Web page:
Thursday, April 3, 2008

Window on Eurasia: Some Russian Courts Will Ban a Muslim Book if Its Cover is Green

Paul Goble

Baku, April 4 – Russian courts at the local level are increasingly prepared to declare Islamic texts extremist on the flimsiest of “evidence,” Muslims there say, with at least one such court recently having declared an Islamic book extremist simply because it had, in the words of a prosecutors there, “a soft green cover.”
Given that 58 of the 101 publications the Federal Registration Service now lists as extremist materials are Islamic texts, Russia’s Muslim leaders have responded by offering their services as experts, challenging these decisions by appealing to the European Court of Human Rights, and publishing articles highlighting the absurdity of this system.
But many of these leaders now place their remaining hopes for a fairer review of Islamic literature on education, and this week, they released a new textbook on Islam that provides an introduction to the faith about which many Russian officials and judges have only the most primitive and uninformed notions.
In a review of recent court decisions that was published by, Al’fiya Muratova points out that Russian courts are often extremely arbitrary and even absurd in their classification of Muslim texts as extremist, with some courts saying a particular work is and another indicating that it is not (
Moreover, she notes, many texts the Russian government now lists as extremist and that are thus subject to a ban – including a special gift edition but not its regular issue of one published for the 1400th anniversary of Islam in Russia -- are standard works, “approved by official Islamic organizations and popular among Russian Muslims.”
And as evidence of the superficial and cavalier way in which Russian courts are now prepared to declare almost anything involving Islam “extremist,” she points to one decision in a Buguruslan where judges banned a book by Arab theologians after prosecutors described it as “a book in a soft green cover.”
“The incompetence of district courts, [whose actions] are encouraged by the federal center,” she writes, “has led in fact to the restriction of the rights of believers to information about Islam.” And many of them fear that the next book “in a soft green cover” that one or another Russian court may ban is the Koran.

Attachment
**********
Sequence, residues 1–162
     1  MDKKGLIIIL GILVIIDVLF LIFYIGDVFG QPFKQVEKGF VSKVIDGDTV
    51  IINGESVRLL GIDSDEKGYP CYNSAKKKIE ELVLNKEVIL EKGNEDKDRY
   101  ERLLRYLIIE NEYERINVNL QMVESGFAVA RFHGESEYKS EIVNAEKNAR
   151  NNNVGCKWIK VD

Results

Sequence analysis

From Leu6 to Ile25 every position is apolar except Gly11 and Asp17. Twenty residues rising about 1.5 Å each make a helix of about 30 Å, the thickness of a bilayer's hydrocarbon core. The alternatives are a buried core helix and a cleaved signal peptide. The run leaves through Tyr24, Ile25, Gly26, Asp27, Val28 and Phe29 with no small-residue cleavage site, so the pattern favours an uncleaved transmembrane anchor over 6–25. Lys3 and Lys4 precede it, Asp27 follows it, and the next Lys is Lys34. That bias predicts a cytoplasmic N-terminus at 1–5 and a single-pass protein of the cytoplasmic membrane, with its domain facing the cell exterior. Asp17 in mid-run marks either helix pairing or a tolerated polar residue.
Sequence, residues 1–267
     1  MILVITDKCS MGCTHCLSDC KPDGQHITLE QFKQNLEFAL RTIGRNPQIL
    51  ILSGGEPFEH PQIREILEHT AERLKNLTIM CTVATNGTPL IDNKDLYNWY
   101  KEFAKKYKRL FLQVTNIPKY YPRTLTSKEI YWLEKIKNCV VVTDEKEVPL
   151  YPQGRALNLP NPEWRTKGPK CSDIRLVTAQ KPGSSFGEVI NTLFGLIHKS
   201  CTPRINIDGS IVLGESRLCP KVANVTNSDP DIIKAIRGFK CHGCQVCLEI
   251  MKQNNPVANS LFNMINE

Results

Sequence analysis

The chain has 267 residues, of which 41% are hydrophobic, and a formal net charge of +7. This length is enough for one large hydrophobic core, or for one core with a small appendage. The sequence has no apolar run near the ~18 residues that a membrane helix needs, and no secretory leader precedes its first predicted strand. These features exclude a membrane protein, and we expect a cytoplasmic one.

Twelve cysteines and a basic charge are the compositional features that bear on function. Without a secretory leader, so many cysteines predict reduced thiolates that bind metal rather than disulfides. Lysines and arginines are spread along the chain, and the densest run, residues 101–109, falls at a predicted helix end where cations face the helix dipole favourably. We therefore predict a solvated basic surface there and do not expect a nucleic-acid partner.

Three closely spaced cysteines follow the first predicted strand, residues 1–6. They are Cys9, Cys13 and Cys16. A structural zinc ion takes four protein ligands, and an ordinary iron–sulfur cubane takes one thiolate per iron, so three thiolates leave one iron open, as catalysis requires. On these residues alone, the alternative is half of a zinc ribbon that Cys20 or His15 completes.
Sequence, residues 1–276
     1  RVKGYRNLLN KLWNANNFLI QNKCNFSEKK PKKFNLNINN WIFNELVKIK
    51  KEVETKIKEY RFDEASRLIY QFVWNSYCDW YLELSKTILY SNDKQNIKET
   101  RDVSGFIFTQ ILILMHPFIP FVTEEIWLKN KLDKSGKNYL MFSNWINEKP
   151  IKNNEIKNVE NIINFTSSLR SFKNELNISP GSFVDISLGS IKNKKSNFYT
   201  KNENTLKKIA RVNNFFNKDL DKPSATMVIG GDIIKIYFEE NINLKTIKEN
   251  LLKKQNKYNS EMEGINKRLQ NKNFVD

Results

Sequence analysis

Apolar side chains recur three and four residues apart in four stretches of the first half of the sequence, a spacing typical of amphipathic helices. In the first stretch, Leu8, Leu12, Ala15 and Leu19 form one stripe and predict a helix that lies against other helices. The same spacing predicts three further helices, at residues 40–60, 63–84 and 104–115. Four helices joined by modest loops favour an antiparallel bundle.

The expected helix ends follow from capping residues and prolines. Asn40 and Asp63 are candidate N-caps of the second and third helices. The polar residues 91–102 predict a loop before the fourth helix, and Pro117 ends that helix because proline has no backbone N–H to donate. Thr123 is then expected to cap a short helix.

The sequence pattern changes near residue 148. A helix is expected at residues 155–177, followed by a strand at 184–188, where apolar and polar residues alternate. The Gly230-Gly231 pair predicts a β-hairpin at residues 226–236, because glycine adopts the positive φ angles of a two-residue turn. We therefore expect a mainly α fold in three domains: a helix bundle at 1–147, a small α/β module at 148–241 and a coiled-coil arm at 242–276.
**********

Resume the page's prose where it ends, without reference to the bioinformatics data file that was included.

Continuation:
Muratova’s article calls attention to two aspects of this situation that are particularly disturbing. On the one hand, the level of knowledge about Islam among judges and prosecutors in Russia’s regions is very low. And on the other, the central government now invokes the decisions of local courts to ban books countrywide.
If Muslim leaders have been unable to do much about the latter so far – they have several cases pending in Strasbourg – they are working very hard to address the former problem, regularly offering their own services and those of academic specialists on Islamic theology as expert witnesses.
But they recognize that this approach, given Moscow’s willingness to stand behind any court decision declaring a book or periodical extremist and thus banned, is insufficient, and many believe that the only way to achieve a fundamental change in the situation is through education.
And this week, they celebrated the release of a new 400-page textbook on Islamic Studies written by El’mir Kuliyev, whose translation of the Koran into Russian is widely recognized as one of the best, Rafik Mukhametshin, a leading Islamic educator, and a large number of others (
Explicitly prepared as a counterpart to the Russian Orthodox Church’s volume, “The Foundations of Orthodox Culture,” and thus intended as a textbook for schools, the new book provides the kind of introduction to Islam that Muslims hope will inform adults as well, including prosecutors and judges, about just what Islam is all about.
Among its chapters is one devoted to freedom of speech in Islamic history and law, an issue that agitates many Muslims and non-Muslims to this day. According to this textbook, “the Koran allows any discussion even if it concerns the basic postulates of the religion, but [that must not lead to] an attack on the honor and dignity of other people.”
And as Kuliyev points out, “there will be fewer problems in contemporary society if we learn not to put the secular at odds with the religious. Just as nothing earthly is alien to believers, so too many who fully back a secular state not infrequently go to church and mosques.”
Such a moderate and balanced approach to questions about the Islamic faith is useful for Muslims and non-Muslims alike, and one can only hope that it will inform local courts in the Russian Federation to whom the central Russian government has given virtually unlimited power to declare almost anything Islamic extremist.

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